…the LORD is the witness between you and the wife of your youth. You have been unfaithful to her, though she is your partner, the wife of your marriage covenant.
-Malachi 2:14b, NIV
I made many mistakes in my first marriage. Certainly, I made mistakes in its dissolution process as well. Hence, this blog exists. I hope others can benefit from the hard won lessons that I was taught through that awful process.
One of my many mistakes in the dissolution of my marriage was looking to outsiders to confirm and validate that I was worthy of being married to my (now) ex-wife.
I say this was a mistake, because I needed to believe the truth on my own. By asking outsiders, I was giving them power over my life that did not belong to them. It was unfair to us both.
Besides, the obvious response to such questions is to remind a faithful spouse that expecting fidelity is a very reasonable expectation. Spouses have vowed to forsake all others before the community and God as Malachi 2:14 reminds us.
It is no longer a question of worthiness–i.e. if one is worthy of being married–but a question of integrity once marriage vows have been exchanged.
I say it is a matter of integrity because integrity has to deal with someone keeping his or her word. Both cheaters and abandoning spouses lacks integrity. They both have broken the most solemn of human vows–i.e. their marriage vows.
This is one thing that drives me nuts about pastors and Christian counselors approaching these situations. Too many fail to approach it with this basic understanding of integrity. A promise–a most solemn vow–was exchanged under no compulsion.
Someone who honors a promise based on whether the promise keeping circumstances are easy or difficult is an untrustworthy person. Such a person has character issues.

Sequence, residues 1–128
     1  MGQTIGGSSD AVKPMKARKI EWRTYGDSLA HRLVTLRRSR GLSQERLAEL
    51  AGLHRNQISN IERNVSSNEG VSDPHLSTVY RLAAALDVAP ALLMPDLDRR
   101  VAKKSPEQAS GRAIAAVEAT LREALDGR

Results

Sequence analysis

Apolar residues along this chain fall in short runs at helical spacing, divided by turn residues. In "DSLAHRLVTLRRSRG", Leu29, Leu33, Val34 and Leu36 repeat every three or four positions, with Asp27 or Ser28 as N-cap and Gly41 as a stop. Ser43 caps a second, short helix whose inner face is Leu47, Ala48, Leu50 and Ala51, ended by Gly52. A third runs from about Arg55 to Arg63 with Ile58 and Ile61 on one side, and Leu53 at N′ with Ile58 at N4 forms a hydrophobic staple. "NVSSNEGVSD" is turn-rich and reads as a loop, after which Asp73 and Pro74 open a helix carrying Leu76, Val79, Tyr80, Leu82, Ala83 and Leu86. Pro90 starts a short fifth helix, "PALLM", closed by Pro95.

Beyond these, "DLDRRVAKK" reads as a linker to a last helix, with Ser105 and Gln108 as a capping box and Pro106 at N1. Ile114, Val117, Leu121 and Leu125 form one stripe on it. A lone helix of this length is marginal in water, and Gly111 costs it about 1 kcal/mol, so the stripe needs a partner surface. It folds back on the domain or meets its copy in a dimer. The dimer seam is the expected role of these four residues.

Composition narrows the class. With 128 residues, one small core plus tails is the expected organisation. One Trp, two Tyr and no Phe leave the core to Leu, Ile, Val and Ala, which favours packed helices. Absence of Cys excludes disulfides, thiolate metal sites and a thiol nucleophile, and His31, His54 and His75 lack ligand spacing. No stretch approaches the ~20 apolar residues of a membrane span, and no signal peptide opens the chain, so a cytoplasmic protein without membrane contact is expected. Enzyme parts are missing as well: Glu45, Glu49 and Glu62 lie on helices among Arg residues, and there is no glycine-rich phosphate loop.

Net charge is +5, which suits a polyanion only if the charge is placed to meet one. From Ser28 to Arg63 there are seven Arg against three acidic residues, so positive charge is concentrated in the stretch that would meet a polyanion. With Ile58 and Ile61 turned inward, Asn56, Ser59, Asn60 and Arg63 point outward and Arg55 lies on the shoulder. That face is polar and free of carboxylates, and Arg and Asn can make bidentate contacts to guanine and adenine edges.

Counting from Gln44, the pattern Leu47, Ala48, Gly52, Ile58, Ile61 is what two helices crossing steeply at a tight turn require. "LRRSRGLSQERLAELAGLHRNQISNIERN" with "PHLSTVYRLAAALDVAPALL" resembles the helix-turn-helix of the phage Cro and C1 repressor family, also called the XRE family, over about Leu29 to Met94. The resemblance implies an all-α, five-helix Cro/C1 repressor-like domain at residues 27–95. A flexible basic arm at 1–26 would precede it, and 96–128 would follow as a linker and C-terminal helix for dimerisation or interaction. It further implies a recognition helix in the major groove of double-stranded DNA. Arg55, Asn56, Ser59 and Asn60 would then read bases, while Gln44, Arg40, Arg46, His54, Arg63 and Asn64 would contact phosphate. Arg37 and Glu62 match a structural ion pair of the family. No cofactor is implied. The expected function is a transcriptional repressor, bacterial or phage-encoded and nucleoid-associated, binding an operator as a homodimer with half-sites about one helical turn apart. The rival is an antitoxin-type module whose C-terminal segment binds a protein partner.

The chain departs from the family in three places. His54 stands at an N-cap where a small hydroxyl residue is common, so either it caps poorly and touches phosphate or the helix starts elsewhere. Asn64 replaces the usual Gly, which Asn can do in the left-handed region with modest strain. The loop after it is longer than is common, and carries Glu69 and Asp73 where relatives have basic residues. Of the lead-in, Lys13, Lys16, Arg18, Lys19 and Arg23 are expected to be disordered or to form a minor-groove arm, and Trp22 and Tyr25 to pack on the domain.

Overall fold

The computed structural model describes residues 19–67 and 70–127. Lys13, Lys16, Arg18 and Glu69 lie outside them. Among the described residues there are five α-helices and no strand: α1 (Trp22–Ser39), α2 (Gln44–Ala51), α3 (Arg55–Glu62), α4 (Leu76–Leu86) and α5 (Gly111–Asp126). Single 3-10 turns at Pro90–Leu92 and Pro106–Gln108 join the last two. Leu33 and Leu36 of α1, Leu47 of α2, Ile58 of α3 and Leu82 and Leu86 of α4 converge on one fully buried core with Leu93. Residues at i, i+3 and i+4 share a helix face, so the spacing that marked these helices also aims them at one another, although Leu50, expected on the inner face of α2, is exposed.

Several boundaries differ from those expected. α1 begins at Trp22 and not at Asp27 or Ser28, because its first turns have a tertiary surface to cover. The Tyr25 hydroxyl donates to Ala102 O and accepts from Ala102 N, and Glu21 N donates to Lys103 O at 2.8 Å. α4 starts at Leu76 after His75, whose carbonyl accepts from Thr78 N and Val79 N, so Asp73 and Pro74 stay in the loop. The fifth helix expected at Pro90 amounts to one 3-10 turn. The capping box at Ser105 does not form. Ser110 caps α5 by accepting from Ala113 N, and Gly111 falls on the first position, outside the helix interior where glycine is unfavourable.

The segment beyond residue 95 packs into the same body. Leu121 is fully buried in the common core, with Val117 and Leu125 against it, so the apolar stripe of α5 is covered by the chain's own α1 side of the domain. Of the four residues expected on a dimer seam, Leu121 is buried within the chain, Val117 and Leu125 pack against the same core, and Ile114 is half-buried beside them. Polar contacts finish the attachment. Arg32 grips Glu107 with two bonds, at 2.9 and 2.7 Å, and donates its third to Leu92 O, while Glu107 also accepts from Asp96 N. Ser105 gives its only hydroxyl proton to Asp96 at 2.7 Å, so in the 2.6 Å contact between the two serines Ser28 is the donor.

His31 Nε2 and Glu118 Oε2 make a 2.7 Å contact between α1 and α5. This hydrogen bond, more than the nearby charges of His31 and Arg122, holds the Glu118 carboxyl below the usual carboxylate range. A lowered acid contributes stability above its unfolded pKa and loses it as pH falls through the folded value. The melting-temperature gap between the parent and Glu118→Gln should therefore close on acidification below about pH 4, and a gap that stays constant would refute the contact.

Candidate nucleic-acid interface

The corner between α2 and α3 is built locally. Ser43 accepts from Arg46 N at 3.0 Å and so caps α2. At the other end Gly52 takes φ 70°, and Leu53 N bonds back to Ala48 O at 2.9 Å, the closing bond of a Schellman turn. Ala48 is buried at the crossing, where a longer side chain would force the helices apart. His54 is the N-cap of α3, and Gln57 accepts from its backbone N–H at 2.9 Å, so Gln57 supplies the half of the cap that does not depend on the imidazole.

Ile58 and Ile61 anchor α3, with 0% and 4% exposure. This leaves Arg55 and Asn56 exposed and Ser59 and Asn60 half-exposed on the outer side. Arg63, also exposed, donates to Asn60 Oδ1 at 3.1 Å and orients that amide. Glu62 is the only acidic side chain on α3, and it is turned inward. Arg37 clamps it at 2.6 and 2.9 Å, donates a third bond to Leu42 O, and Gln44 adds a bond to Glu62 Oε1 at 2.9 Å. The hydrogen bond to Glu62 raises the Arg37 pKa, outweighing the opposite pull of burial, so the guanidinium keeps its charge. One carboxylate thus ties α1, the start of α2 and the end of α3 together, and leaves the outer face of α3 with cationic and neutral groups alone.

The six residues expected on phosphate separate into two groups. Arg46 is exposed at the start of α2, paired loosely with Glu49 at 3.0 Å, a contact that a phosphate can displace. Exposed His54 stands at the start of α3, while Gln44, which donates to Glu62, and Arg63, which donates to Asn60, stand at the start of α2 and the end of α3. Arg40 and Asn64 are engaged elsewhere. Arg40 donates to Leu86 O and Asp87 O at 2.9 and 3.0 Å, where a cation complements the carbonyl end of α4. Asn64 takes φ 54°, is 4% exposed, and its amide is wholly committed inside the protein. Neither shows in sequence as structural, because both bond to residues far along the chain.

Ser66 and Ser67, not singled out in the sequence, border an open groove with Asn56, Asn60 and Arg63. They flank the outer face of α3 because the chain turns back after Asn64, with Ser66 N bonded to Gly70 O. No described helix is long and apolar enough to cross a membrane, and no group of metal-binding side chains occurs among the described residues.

It is completely reasonable to expect a marriage partner to honor his or her marriage vows. That is the starting point.
Questioning whether or not a spouse is “worthy” of being married is not.
You are no longer dating or even engaged. The period of trying out potential partners is over. That is what godly marriage says. Such was what was promised to each other and God on your wedding day.
By all means, I recommend working to improve marriages.
My issue is when normal marriage issues–i.e. those not involving infidelity, abuse, and actual abandonment–are treated as divorce-potential problems. Being miserable in a marriage alone is not reason enough to divorce another spouse according to the Bible. Further, it is not your spouse’s job to ensure your continued happiness as if he or she has all power over your emotional states.
What do I think if the marriage has been violated by sexual immorality or an unbeliever abandoning a spouse?
All bets are off then. God recognizes both as grounds for the faithful spouse to officially end the relationship–e.g. Deuteronomy 22:22, Jeremiah 3:8, Matthew 1:19, 5:32, and 19:9, etc).
The partner showing lack of integrity is the one who broke the covenant vows to begin with here. After all, God does not lack integrity, and even He broke it off from His covenant partner, Israel, when she was flagrantly unfaithful to Him (Jeremiah 3:8).